• Am I uniquely positioned to add to the discussion?
  • What’s my intention?
  • Am I just speaking up to show that I’m listening in?

Then, ask yourself one more question. This one’s especially important when it comes to causes that everyone is talking about:

  • Does my silence say more than my words would?

Once you’ve answered the above, you’ll know what to do. Solidarity and allyship are crucial for nonprofits—we’re a community, not competitors. But in a community, there’s often someone else who can do a better job than you. Give them the space to speak first and ask how you can lend a hand.

When It’s Okay to Stay Quiet

While it’s helpful to have a framework for knowing when and when not to talk, there are also some specific occasions when you should keep it to yourself. Honestly evaluate your nonprofit’s level of commitment and availability of resources before speaking up. After all, there are always causes that need support.

It could impact your tax-exempt status.

First, because you’re a nonprofit, there’s a key caveat to all advocacy work: As a 501(c)(3) organization, there are limitations on your political campaign activity as well as encouraging your members to support or oppose certain legislation. This doesn’t mean you can’t advocate for your beliefs—quite the opposite. Just be aware of what’s legally kosher. You can’t endorse political candidates, and while some lobbying is okay, it shouldn’t be a major expense. Just keep all that in the back of your mind, and you should be fine.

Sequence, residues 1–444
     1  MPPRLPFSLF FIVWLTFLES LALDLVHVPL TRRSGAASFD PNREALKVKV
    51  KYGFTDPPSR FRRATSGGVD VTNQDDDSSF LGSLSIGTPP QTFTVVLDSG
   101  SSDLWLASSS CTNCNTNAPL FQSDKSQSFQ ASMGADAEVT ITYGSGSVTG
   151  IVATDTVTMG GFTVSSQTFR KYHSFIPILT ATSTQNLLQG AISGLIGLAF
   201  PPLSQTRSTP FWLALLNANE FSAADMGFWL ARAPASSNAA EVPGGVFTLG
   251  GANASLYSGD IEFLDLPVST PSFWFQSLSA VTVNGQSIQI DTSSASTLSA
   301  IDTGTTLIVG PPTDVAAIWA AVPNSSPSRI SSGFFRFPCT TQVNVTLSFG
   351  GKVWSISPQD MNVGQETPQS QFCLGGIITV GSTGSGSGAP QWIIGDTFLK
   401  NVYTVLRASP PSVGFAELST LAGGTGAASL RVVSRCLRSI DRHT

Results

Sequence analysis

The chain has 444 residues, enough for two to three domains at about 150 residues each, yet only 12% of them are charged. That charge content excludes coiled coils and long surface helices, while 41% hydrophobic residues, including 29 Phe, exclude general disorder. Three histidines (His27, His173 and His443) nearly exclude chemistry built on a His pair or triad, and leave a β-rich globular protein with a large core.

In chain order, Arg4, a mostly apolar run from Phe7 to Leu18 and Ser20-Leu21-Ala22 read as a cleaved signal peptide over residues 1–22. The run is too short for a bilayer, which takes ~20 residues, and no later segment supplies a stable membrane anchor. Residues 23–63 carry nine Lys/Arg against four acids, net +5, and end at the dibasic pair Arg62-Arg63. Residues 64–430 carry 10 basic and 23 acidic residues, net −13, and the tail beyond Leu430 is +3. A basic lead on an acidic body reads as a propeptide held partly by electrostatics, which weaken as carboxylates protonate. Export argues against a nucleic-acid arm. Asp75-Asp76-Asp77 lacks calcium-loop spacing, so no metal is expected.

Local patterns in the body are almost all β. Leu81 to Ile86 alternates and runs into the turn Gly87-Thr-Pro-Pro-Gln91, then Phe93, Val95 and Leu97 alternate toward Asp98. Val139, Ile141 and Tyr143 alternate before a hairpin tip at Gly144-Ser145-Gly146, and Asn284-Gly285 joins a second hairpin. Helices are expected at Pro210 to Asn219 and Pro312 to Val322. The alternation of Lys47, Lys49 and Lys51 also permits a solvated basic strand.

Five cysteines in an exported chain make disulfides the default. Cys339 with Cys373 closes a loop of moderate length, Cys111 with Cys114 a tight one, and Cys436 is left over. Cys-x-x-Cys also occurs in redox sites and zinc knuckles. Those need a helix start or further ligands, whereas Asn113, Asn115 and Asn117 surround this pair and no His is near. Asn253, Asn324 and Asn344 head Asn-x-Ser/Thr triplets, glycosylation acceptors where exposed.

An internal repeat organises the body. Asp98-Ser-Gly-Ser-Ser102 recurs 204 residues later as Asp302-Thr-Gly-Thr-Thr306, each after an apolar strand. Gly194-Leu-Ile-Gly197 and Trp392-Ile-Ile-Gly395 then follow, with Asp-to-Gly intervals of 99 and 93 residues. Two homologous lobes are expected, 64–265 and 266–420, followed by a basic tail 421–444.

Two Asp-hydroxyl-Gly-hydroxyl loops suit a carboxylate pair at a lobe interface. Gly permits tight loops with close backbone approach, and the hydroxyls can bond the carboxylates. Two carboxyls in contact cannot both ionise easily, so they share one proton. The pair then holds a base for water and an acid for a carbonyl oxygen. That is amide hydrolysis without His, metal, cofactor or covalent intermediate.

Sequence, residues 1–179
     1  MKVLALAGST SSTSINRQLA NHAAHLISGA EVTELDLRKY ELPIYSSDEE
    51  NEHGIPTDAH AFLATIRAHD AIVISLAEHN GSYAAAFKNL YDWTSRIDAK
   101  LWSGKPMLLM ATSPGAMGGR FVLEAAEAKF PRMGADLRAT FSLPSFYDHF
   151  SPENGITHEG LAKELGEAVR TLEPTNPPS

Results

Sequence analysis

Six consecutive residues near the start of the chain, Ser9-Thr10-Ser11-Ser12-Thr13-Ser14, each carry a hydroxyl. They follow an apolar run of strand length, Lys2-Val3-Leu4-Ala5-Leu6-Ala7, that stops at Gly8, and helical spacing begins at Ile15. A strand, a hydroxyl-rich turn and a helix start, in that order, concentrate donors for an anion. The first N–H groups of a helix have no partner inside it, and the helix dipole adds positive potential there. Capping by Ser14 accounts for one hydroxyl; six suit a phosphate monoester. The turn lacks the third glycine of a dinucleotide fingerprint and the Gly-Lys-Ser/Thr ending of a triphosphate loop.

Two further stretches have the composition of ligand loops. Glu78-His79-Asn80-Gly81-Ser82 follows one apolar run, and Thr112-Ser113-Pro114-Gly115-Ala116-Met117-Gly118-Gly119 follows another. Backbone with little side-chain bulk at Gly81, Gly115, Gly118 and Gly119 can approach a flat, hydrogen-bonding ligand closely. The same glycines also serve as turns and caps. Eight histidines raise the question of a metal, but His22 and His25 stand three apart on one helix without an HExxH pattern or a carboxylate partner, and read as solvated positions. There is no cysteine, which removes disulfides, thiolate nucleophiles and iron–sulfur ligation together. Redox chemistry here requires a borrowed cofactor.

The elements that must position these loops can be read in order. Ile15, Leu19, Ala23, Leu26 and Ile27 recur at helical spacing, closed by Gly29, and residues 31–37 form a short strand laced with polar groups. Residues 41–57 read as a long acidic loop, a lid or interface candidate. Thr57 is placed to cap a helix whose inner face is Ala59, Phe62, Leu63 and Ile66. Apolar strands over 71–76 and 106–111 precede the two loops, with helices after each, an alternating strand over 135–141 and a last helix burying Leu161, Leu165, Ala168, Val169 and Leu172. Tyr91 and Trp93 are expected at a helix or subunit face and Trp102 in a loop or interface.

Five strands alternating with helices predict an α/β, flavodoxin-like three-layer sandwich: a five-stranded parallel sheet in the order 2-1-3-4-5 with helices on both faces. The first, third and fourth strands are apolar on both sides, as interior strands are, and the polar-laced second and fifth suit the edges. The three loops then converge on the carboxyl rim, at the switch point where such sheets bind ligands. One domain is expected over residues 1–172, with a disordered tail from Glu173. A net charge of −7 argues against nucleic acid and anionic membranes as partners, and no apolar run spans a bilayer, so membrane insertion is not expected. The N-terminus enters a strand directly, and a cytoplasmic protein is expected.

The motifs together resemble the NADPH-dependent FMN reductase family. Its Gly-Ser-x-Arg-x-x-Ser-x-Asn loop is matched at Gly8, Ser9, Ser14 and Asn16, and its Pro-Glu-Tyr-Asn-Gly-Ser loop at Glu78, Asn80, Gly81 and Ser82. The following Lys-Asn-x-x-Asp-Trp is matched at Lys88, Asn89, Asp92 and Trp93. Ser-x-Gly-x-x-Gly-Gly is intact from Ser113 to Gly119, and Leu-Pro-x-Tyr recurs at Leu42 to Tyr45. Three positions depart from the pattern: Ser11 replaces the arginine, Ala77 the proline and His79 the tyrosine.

You don’t intend to follow up.

Plenty of companies issued statements about DEI and Black Lives Matter in 2020, and a lot of them are still 90% white and 100% done with the issue. If you speak out, an issue becomes part of the fabric of your nonprofit—and you need to stick with it. After all, even if a headline disappears the next day, we’re still waiting on the whole “world peace” thing. Develop a framework for your communication strategy around the issue. Weave that issue into your programs. Partner with organizations doing on-the-ground work. Set reminders to check in and update your supporters every few months. If all that sounds like too much, that’s fine! Just be honest with yourself about your level of commitment.

You’ve been speaking up a lot lately.